Has Australia Taken a New Path on Climate?

September 14, 2015

Climate denier Tony Abbot has been removed as Australian Prime Minister, and replaced with someone who, apparently believes in science. We shall see.

Above, newly deposed PM Tony Abbott and Ministers caught on open mike, giggling about climate impacts on Pacific islanders….. not sure if this was any deciding factor in the upset, but it could not have helped Abbott.

Sydney Morning Herald:

Malcolm Turnbull will become Australia’s 29th prime minister after beating Tony Abbott in a dramatic leadership ballot in Canberra on Monday night.

Declaring himself “humbled,” by the victory, Mr Turnbull said he would serve out the Coalition’s remaining year in office before calling an election, promised a new economic vision and thanked Mr Abbott for his service.

Mr Turnbull’s victory is reminiscent of the coup former prime minister Julia Gillard staged against Kevin Rudd in 2010 and makes the former communications minister Australia’s fifth prime minister in just over five years.

Liberal MPs gathered at Parliament House at 9.15pm to decide whether Mr Abbott or Mr Turnbull would lead them to the next election.

Ahead of the ballot, both camps were confident of having the numbers but chief whip Scott Buccholz announced Mr Turnbull had prevailed over Mr Abbott 54-44. One Liberal voted informally and another was absent.


(Turnbull) has spoken out in defence of climate scientists, whose work has been derided by many of his colleagues and even by Maurice Newman, the chairman of Abbott’s business advisory council, who believes the world may have entered a cooling phase.

“It is undoubtedly correct that there has been a very effective campaign against the science of climate change by those opposed to taking action to cut emissions, many because it does not suit their own financial interests, and this has played into the carbon tax debate,” Turnbull said in a speech in 2011.

“Normally, in our consideration of scientific issues, we rely on expert advice [and] agencies like CSIRO or the Australian Academy of Science, are listened to with respect. Yet on this issue there appears to be a licence to reject our best scientists both here and abroad and rely instead on much less reliable views.”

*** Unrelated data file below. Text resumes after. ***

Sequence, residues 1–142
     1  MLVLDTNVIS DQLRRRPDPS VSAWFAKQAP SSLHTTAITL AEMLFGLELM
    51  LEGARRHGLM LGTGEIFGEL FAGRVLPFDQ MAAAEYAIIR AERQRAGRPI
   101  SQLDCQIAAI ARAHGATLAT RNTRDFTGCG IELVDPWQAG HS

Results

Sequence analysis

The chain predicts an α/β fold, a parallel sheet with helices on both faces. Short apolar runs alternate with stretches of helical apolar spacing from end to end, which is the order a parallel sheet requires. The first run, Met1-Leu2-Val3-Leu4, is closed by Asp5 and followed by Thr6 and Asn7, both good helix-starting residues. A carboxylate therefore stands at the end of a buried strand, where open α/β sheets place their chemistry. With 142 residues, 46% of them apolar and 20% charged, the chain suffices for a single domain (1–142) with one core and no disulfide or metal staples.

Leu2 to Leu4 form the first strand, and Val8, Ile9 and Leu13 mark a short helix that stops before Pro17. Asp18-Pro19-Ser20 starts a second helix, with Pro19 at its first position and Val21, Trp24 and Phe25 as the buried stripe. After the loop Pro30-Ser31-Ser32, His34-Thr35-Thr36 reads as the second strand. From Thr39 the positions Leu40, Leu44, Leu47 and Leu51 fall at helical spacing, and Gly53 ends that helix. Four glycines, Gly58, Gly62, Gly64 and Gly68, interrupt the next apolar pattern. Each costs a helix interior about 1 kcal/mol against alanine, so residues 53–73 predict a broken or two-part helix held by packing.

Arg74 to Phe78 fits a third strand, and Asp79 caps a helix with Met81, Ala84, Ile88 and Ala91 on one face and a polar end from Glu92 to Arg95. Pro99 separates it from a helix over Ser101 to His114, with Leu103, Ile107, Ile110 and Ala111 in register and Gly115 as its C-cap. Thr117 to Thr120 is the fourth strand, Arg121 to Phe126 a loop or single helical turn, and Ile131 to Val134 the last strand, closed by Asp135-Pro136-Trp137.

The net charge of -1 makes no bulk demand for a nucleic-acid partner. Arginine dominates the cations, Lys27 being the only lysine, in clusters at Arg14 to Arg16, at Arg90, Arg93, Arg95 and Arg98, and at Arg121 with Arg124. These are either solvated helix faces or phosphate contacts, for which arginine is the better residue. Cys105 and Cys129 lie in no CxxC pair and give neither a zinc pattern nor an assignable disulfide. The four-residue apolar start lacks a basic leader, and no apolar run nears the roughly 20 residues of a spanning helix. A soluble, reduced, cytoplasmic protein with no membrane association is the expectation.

He has railed against the “dumbing down” of Australian debate in general and the debasing of smart policy for political gain.

11 Responses to “Has Australia Taken a New Path on Climate?”

  1. John Englart Says:

    In post ballot press conference Prime Minister elect Malcom Turnbull said “Our Climate policy is very well designed and one I support today.”

    Deputy Leader and Foreign Affairs Minister Julie Bishop piped up immediately and said that Australia will stick to current emission reduction targets for the Paris climate talks.

    Now Turnbull acknowledges the climate science and in 2009 was negotiating with the then Prime Minister Kevein Rudd for an Emissions Trading Scheme. A leadership ballot then was successful with the rise of Tony Abbott, riding on far right climate sceptic support in the Liberal Party.

    Turnbull went to the backbench and made this blog statement on Liberal Party policy (scroll part way down the page)

    In February he didn’t put himself forward in a spill of leadership positions, but he had already thought through his stance on climate policy and had decided to placate the right wing by keeping the poor climate policy and low climate targets of the Government. I wriote this article in February 2015.

    I hope I’m wrong in the lead up to Paris, but I think at present Turnbull is unlikely to substantively change Australia’s climate policy. Maybe there is a little more wiggle room. But don’t expect too much. While Abbott was pretty much a weathervane climate denier, Turnbull is aware of the science, so his inaction as Prime Minister will be, if anything, more culpable.

  2. Harry Twinotter Says:

    I watched it on TV a couple of hours ago. A long evening for some! 🙂